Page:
(Photo: Reuters/Alex Gallardo)
The Roman Catholic Diocese of Orange received the necessary approval from Pope Benedict XVI Monday to proceed with its purchase of the Crystal Cathedral's Garden Grove, Calif., property.
The Vatican has given the Orange County Catholic institution the green light to proceed with the transaction after it won the bidding for the signature property owned by the church established by the Rev. Robert H. Schuller, the Orange County Register reported Wednesday.
The approval makes the sale of Crystal Cathedral's campus even more certain, although the congregation is still praying for a miracle, with Senior Pastor Sheila Schuller Coleman having announcing recently that the church board thinks it is still not too late for God to "save" the ministry's campus from being sold.
God has "intentionally delayed" the miracle, Coleman told members Nov. 20 as she asked God to reveal His final plans during a Sunday service.
The church has not been doing well financially since 2002, and a year ago administrators filed for Chapter 11 bankruptcy. Since then, members have been trying to save the church, donating money from their own pockets, which proved not enough to pull the church out of its estimated $50 million debt.
Robert Schuller, the ministry's founding pastor, announced during the Nov.17 hearing in a Santa Ana bankruptcy court that the church's board had finally made the tough decision of choosing the Roman Catholic diocese as the buyer of its property, over the other bidder, Chapman University.
The diocese's terms require the ministry to leave the premises within three years. The diocese offered to pay $57.5 million.
Meanwhile, the university offered in its last pitch in late November to pay $59 million in cash for Crystal Cathedral's campus. The school was additionally offering the megachurch a chance to buy back the property within the next 30 years for $30 million, with a financing option, university spokesperson Mary Platt told The Christian Post on Nov. 28.
"It's always disappointing when something like this happens," she added when asked about the mood among the staff, who hoped to open a new health sciences campus on the ministry's 40-acre property. But the real estate market is really good right now, Platt added, suggesting that the school should have no problem finding a new property to focus their attention on.
Chapman University President James L. sent an email to the school community after losing the last bid, in which he declared that the institution is sorry for having lost, but that it is ready to move on.
"Acquiring 30 plus acres and architecturally stunning buildings in relatively close proximity to our campus made it an opportunity too good to pass up," he wrote. "While the bidding process turned out to be quite a horse race, we lost in the final stretch."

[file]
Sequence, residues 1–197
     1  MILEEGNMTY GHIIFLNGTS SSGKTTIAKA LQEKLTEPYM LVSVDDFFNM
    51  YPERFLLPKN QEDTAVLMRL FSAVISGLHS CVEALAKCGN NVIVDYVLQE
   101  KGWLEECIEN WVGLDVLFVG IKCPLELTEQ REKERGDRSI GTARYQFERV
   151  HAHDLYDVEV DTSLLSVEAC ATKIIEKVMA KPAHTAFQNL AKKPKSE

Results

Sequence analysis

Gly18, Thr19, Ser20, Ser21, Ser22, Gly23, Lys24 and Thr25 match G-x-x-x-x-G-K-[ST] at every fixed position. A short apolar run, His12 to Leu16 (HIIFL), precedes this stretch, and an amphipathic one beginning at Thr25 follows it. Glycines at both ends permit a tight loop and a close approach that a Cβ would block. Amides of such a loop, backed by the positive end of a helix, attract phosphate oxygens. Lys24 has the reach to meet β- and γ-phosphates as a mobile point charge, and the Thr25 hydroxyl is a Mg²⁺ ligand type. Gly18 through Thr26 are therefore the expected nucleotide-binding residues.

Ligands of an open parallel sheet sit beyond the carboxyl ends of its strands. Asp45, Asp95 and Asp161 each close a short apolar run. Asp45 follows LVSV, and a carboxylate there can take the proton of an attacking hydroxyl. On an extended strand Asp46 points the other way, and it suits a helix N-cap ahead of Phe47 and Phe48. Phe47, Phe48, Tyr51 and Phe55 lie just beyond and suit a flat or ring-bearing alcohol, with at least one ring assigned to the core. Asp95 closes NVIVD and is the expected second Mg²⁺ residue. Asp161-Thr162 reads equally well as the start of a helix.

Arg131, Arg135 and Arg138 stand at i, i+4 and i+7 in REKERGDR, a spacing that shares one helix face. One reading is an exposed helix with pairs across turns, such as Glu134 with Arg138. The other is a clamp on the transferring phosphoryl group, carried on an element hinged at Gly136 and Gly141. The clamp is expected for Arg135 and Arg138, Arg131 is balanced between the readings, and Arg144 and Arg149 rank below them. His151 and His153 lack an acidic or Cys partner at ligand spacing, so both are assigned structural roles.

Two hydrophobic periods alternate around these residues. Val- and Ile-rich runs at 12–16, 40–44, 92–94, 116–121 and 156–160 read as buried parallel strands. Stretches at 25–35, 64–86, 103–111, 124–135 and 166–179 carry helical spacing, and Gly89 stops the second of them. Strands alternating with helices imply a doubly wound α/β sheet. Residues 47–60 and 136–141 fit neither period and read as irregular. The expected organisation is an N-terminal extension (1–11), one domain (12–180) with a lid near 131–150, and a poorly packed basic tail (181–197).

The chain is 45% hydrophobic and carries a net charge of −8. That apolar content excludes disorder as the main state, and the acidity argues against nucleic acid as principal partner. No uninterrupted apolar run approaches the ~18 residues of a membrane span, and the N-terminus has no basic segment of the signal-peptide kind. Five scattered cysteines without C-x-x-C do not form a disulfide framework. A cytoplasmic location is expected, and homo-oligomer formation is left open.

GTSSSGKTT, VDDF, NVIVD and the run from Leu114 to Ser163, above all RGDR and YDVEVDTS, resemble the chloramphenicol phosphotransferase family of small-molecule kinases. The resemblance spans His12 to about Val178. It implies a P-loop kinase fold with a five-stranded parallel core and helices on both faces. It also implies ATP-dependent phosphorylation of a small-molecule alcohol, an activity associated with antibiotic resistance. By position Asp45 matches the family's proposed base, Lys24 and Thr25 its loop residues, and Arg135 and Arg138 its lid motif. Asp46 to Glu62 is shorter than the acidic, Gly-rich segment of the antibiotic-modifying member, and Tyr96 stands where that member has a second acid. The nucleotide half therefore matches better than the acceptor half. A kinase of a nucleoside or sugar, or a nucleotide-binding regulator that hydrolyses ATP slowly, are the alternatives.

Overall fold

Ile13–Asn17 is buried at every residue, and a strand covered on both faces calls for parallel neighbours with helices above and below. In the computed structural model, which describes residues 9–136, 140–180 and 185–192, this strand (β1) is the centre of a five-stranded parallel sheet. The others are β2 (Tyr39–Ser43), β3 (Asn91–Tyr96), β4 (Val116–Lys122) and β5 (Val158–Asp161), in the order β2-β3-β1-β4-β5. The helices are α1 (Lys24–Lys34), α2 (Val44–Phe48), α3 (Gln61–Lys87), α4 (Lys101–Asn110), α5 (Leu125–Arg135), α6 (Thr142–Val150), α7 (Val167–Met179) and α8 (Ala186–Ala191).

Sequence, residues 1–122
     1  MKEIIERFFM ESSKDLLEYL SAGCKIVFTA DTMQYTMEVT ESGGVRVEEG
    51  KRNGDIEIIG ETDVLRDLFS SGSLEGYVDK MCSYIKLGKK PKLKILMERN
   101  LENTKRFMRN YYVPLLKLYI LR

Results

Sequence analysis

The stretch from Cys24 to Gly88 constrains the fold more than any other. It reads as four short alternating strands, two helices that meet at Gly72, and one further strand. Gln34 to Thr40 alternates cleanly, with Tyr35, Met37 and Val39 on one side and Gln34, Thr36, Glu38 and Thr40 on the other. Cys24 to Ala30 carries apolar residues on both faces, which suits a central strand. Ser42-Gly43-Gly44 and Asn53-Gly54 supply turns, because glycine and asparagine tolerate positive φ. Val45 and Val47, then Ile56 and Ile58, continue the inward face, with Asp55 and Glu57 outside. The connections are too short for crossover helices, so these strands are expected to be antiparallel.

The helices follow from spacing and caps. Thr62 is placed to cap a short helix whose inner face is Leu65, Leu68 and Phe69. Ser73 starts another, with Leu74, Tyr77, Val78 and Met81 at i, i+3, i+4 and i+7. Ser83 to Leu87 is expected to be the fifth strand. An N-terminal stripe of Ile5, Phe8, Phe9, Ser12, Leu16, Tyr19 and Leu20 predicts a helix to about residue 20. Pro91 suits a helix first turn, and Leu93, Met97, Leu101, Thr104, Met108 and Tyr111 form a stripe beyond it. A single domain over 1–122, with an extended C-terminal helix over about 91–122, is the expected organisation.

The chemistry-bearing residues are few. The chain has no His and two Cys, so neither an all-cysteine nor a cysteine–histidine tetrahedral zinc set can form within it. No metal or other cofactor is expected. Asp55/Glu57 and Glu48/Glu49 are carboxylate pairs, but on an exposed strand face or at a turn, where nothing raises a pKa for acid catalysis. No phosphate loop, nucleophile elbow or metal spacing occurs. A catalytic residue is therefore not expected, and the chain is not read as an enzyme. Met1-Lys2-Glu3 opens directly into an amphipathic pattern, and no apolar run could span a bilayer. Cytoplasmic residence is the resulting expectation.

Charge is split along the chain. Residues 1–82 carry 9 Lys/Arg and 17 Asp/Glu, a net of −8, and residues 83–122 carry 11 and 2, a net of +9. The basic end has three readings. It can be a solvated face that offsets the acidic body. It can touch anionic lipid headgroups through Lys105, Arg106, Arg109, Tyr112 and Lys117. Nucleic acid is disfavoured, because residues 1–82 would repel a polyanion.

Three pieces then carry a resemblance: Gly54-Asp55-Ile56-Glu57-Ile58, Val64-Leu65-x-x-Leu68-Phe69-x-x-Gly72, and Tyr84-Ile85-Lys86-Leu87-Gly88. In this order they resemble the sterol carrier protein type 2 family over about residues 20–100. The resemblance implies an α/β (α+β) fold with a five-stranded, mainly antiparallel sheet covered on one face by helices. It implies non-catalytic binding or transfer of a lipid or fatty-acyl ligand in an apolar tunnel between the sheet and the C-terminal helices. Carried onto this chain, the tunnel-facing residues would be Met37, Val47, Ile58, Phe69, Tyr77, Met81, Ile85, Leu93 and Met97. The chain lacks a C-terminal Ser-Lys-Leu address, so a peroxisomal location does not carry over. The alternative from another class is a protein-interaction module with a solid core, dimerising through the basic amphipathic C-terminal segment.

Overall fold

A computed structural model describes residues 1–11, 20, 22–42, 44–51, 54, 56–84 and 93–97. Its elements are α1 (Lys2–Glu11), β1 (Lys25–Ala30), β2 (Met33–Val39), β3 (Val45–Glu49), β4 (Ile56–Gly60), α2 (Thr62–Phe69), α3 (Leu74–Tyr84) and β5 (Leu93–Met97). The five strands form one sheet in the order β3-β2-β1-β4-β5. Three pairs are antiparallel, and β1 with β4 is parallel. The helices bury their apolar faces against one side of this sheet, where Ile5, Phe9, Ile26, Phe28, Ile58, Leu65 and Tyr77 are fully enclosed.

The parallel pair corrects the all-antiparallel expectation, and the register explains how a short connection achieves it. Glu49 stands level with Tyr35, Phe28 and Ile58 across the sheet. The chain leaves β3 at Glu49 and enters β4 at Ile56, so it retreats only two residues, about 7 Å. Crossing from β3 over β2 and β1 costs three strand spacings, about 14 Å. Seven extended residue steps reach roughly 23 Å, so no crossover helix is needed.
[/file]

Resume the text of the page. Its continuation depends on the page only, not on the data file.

Robert Schuller made it clear that the board wanted the buildings to continue serving a religious purpose, while he acknowledged that the ministry has great respect for the university and an appreciation of its offer.
"Dr. Schuller has been a key figure both in Orange County and around the globe for many years. I wish Crystal Cathedral Ministries success with their reorganized finances," Tod D. Brown, the Bishop of Orange, said in a statement one day after the decision was announced. "Dr. Doti and Chapman University are also pivotal to the life of our county; we wish them well with their future plans."
The bishop also said he was surprised to have won the case, and that the soon to be acquired buildings are large enough to meet the diocese's "present and anticipated needs."
"I was surprised and gratified that so many people told me they were hoping we would be successful; it is clear by all the interest focused on our efforts that many of our laity understand the need for and importance of such a cathedral for Catholics in Orange County," Brown said.
The property is a landmark building in town, designed by renowned architect Philip Johnson, and covered with 10,000 glass panes - an unusual idea for a state not estranged to earthquakes. The notable structure has attracted admirers since its erection in 1980. The main hall of the iconic church building seats 2,800 worshipers.
That building became a symbol of the ministry, and congregants will have a hard time leaving it. The sale issue sparked a controversy among churchgoers. Many were attending all the church hearings in the bankruptcy case. Some were outraged after the decision was announced of the planned sale to the Catholic institution, which means the chance of buying the property back will be lost.
The local Christian community has been observing the case’s development as well. An elder member of First Baptist Church of Garden Grove, Chet Smith, told CP on Nov.19 that the congregation is like a big family.
"It's hard to face it when you're family is being broken up. You try to do everything you can to prevent that," he said.
Smith acknowledged that the ministry has been attracting many faithful congregants with its "dynamic" nature and solid media outreach. Crystal Cathedral broadcasts "The Hour of Power," the longest running televised sermon in the United States, watched by an estimated 20 million people every week. Smith also emphasized that pastor Schuller is a very charismatic figure.